Hugh had such fun teaching them to be Dizzy from Waterford that he completely forgot about the re-enactment. He was planning to stage the battle outside a pub, which was near a small stone bridge over a stream. On the day of the battle he remembered that they were supposed to be Nelson rather than Dizzy, and he tried to get them to say things like 'Look, a ship', but they kept reverting to their Waterford accents and the phrases they'd already learnt.

Ronan thought they could still instigate a battle, even if all the Nelsons thought they were from Waterford. He taught his French students phrases like 'Waterford couldn't beat Kilkenny if half of the Kilkenny team were dachshunds'. His friend who was teaching the Spanish students taught them to say things like 'I only wish Waterford was further away from Tipperary'.

Ronan had told the two groups of students that they were going to watch a re-creation of the battle of Trafalgar, but he never mentioned that they'd be part of the battle. He took them to the pub near the stream, and Hugh arrived shortly afterwards with his Nelsons. They were wearing the hats and coats. A big crowd had gathered there, and a lot of money was riding on the battle. Some people bet on the Nelsons, despite the fact that they could only use one arm. They thought the Brits would come up with some unexpected strategy. Hugh didn't think that was very likely.

My cousin Jane and her friend, Claudia, were there too. Claudia plays the keyboard, and Hugh had asked her to play a piece of music at the battle. She said she knew a piece about Napoleon, and Hugh said that'd be perfect. He also got Jane involved. He asked her to announce the start of the battle.

Before they went to the pub, Claudia played the piece for Jane, who said, "How was that about Napoleon?"

"It just was."

"That had nothing to do with Napoleon."

"Well how would a piece of music have something to do with Napoleon?"

"You're the one who says it was about Napoleon. You tell me."

"I don't know enough about Napoleon to see the connection."

"He wasn't very tall. A piece of music about Napoleon would be quiet. Or quieter than music about someone taller."

"That's ridiculous. If the only thing you know about Napoleon is that he wasn't very tall, then you don't know enough about him either. This next piece of music is about someone who knows lots of things about lots of different things." Claudia played a very quick piece of music, then she said, "And this one is about you." She played a very slow piece.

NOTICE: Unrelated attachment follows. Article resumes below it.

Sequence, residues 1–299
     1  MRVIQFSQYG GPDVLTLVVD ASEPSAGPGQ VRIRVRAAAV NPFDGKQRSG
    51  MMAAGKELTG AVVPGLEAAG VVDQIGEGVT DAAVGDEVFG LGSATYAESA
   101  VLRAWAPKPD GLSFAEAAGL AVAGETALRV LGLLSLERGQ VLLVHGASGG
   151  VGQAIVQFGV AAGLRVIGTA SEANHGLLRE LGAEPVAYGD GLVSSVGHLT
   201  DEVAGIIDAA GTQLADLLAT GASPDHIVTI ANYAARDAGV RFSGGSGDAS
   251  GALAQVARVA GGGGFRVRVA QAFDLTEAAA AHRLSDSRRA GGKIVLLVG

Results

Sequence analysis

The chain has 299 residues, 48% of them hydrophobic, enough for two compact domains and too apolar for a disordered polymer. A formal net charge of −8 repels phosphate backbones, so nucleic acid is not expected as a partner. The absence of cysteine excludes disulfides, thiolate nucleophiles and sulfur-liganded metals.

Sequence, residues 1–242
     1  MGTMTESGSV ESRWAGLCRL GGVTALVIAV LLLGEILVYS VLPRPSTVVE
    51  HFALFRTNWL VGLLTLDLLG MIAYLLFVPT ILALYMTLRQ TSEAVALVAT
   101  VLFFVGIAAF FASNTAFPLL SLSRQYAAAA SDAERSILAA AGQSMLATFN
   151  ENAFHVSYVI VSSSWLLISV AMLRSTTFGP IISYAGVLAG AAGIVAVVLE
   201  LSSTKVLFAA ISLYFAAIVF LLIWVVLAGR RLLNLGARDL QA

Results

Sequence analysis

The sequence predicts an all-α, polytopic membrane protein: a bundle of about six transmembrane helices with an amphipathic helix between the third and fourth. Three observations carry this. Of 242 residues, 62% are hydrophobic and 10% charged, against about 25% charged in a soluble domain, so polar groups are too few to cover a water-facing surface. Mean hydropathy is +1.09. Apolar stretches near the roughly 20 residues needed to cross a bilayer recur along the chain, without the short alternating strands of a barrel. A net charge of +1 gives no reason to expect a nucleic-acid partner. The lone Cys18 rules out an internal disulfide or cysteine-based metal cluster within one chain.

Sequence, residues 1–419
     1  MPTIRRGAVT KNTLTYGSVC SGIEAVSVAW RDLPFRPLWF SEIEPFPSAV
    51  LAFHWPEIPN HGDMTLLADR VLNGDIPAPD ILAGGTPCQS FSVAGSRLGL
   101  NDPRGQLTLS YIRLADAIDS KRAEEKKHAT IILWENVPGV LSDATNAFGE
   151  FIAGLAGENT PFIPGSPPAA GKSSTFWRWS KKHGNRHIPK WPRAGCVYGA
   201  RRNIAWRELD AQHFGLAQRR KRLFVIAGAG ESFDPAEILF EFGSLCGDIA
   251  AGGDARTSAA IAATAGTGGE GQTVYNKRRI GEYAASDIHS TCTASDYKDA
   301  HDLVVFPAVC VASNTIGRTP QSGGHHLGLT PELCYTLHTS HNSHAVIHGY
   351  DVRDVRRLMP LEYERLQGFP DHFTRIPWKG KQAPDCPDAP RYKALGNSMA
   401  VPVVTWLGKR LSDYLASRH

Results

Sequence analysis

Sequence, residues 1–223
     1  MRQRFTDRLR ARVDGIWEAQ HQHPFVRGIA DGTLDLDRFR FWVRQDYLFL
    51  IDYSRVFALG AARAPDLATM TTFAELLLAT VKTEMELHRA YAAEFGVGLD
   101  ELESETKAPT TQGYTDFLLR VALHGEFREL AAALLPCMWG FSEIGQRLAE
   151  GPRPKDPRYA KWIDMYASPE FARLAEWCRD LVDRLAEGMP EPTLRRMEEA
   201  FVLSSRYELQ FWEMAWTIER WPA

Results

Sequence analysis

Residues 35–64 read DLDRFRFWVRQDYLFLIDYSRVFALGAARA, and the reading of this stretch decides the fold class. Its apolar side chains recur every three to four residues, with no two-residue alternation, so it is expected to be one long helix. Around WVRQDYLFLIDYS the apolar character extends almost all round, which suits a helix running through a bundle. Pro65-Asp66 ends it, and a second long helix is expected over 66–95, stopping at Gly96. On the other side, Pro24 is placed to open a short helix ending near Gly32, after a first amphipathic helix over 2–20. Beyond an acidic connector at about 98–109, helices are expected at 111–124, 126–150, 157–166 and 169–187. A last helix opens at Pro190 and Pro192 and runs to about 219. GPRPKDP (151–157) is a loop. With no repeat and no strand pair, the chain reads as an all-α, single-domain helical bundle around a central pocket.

When Hugh arrived at the pub with his Nelson class, he pointed at the French students and said, "They're from Kilkenny." Then he pointed at the Spanish and said, "And they're from Tipperary."

The Nelsons went over to the students and said, "It's a long way to Tipperary, thanks be to God."

One of the Spanish students said, "I only wish Waterford was further away from Tipperary."

The Nelson said, "There's a funny looking dog on the van there now."

And then one of the French students said, "Waterford couldn't beat Kilkenny if half of the Kilkenny team were dachshunds."

"I knew a man from Dungarvan," the Nelson said in a very threatening voice, and he poked the French student in the shoulder when he said 'garvan'. "He once bet on a horse called 'Train Set' because he once set a train set on fire, but the horse fell at the first. He tried to punch someone who was dressed up as Dracula too, but I think that was because of something else."

Hugh thought that if Jane announced the commencement of the battle now, it would surely start a fight, so he made the signal to her. She stood up, and Claudia started playing her keyboard, but she was playing the slow piece of music that supposedly represented Jane, and she was playing it very slowly. Jane recognised the music, and she stopped just as she was about to speak, with her mouth slightly open. She remained in that position, and Claudia kept playing the same note. Everone looked at Jane. She remained frozen in that position for about thirty seconds, with the same note playing all the time.

She sat down again, and there was silence. Neither the Nelsons nor the students knew what to say then. One of the Nelsons eventually broke the silence. He said, "We've won! Hooray!"

All of the other Nelsons cheered, and the students looked dejected, but not as dejected as Ronan and Hugh. They had both bet a lot of money on the French and Spanish.

The moose's head over the fireplace doesn't like most TV programs, especially 'I'm a celebrity, get me out of here'. We bought an ipod for him so he can ignore what's on TV. Sometimes it's more interesting to look at his facial expression and try to figure out what he's listening to, rather than watch what's on TV. His facial expression remains pretty much the same all the time, but it's still more interesting. Even looking at the surprised hen in the painting is more interesting than TV, and that expression never changes. It'd take a lot more than a hot air balloon to make me look away from that.